The coronavirus has dramatically halted so much of our ‘normal’ lives: dropping the kids of at school, going out for dinner, going into the office, going to the doctor, shaking hands, hugging, even just walking outside. It has also had an effect on another aspect resulting from our normal behavior: global emissions.
Emissions, according to the EPA, is the word used to talk about the gases that enter our air. We are usually most considered with air pollutants, like carbon monoxide, lead, nitrogen dioxide, ozone, and sulfur dioxide because they are harmful to humans and wildlife. However, we are also very concerned with greenhouse gases and ozone depleting substances, like carbon dioxide, methane, nitrous oxide, and chlorofluorocarbons (CFCs), for their role in climate change. Sometimes, greenhouse gases are discussed in terms of carbon dioxide emissions as it is most connected with human activity and climate change, explained Ecometrica.
Greenhouse gases trap heat – which is normally part of the Earth’s system of self-regulation – but with incredible amounts of these gases pouring into the air faster than usual as a result of industrialization, transportation, and energy production, these gases are blanketing the Earth and increasingly trapping more heat. The concerns that surround a heating planet range from intensifying climate events like droughts and hurricanes to ocean acidification and rising sea levels due to melting in the Arctic and Antarctic.
However, with the national lockdowns instated to prevent the spread of COVID-19, air pollution levels and global emissions have started to drop. As a result of decreasing amounts of coal consumption and industry in China, the country’s emissions fell by 25 percent. According to National Geographic, “that slowdown caused the world’s largest emitter to avoid some 250 million metric tons of carbon pollution – more than half the annual carbon emissions of the United Kingdom”. The European Union has also seen a potential reduction in emissions and proposed a European Climate Law in March. Professor Petteri Taalas, the Secretary-General of the WMO, explained in a UN article that dramatic air quality improvement has been witnessed in major cities across the planet, such as cities in China, India, Italy, and European cities like Paris. Reports coming from Venice, Italy highlight that locals in this major tourist destination have noticed clearer waterways, though this is probably due to resting sediment as a result of less boat traffic. India is also seeing bluer skies than it has in years. Overall, the WMO reported that carbon dioxide levels have dropped by 5.5 to 5.7 percent because of the global pandemic.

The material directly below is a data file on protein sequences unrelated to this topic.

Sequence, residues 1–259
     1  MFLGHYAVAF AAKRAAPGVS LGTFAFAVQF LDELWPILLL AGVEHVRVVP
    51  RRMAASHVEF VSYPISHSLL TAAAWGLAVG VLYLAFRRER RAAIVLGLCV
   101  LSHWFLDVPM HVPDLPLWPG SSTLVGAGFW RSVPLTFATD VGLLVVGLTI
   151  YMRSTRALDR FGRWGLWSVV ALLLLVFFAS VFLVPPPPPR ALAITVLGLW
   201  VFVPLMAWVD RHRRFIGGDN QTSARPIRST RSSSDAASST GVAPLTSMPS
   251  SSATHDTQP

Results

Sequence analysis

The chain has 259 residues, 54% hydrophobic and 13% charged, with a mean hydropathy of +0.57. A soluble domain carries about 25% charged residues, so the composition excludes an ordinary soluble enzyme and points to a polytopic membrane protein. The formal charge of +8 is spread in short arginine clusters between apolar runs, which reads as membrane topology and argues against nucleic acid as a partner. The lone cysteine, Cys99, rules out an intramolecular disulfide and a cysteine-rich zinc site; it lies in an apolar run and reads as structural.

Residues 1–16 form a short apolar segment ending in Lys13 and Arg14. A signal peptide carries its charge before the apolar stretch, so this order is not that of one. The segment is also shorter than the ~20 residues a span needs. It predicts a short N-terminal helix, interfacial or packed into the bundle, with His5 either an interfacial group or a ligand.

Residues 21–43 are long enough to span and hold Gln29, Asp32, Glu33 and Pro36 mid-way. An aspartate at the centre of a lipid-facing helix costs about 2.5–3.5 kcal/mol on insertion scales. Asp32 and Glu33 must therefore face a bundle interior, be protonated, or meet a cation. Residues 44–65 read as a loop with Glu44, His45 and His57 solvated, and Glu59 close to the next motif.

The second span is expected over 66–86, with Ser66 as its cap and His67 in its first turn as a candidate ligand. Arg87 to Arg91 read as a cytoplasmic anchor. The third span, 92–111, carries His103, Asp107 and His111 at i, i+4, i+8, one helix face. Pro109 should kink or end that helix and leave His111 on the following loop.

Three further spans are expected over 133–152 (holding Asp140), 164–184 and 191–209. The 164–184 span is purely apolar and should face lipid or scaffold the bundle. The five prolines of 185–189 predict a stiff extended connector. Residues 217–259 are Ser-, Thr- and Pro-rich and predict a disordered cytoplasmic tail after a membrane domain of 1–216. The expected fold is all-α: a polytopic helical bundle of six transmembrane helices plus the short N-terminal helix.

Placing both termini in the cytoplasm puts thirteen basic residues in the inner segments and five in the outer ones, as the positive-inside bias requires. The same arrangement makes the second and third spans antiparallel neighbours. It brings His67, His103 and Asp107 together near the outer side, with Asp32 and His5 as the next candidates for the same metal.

Despite the temporary effects of this global pandemic, though, the World Meteorological Organization (WMO) warns in their 2020 report that the past five years have been the warmest on record – there was a global temperature rise of 0.2ºC from the past reporting period in 2011-2015. China, as its industry restarts, is already increasing their emissions, though they have not returned to the usual numbers yet. And the fear is that legislation to regulate the economy during this pandemic, like relaxed EPA monitoring, could cause air pollution levels and gas emissions to return to higher levels. These emission levels would continue changing our climate, as it did following the financial crisis in 2008. Lockdowns have forced a reduction in emissions as a byproduct, but it is not a permanent shift. Climate change as it stands is a crisis to be avoided through a change in mindset and habitual action for years.
With delays in data collection and reporting caused by postponed summits and lockdowns, as well as just a global systems overload, data availability will decrease in the coming months. For now, we will shelter-in-place, continue virtually celebrating Earth Month, maintain our sanity as best we can, and have hope.